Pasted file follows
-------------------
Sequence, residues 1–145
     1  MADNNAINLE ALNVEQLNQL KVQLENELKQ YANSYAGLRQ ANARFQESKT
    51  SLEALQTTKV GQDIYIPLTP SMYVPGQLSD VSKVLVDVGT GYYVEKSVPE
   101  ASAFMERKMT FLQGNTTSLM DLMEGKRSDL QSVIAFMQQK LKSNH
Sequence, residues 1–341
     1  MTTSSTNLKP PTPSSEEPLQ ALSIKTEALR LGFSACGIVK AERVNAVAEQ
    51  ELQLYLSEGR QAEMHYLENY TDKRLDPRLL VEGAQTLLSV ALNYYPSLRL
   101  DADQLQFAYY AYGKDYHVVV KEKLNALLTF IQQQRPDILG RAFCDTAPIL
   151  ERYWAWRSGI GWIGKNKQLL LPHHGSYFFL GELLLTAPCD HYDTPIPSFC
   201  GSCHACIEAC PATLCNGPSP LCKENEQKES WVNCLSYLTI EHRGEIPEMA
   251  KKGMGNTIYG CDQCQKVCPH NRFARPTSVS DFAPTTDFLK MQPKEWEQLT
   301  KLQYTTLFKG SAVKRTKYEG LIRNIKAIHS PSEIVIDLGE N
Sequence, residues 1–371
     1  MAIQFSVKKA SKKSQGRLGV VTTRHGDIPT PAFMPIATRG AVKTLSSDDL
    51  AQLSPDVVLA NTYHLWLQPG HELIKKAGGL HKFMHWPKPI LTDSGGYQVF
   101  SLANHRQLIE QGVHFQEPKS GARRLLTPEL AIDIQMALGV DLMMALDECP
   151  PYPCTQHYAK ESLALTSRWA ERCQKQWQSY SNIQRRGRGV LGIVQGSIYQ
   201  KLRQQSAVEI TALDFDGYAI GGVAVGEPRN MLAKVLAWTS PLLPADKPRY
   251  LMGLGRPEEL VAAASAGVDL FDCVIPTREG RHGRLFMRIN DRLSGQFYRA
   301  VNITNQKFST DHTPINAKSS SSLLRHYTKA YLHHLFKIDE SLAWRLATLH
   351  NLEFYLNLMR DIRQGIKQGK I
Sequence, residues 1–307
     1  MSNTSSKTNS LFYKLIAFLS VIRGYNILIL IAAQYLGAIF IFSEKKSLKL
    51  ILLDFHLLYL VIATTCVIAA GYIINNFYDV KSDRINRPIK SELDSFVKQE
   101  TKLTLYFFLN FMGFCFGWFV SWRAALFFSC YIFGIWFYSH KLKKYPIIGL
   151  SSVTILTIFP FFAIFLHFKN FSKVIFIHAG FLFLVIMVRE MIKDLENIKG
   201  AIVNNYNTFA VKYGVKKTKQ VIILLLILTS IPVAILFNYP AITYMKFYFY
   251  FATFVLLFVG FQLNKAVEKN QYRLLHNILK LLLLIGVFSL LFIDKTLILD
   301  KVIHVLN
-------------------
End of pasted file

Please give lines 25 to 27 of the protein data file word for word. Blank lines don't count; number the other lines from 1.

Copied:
   101  TKLTLYFFLN FMGFCFGWFV SWRAALFFSC YIFGIWFYSH KLKKYPIIGL
   151  SSVTILTIFP FFAIFLHFKN FSKVIFIHAG FLFLVIMVRE MIKDLENIKG
   201  AIVNNYNTFA VKYGVKKTKQ VIILLLILTS IPVAILFNYP AITYMKFYFY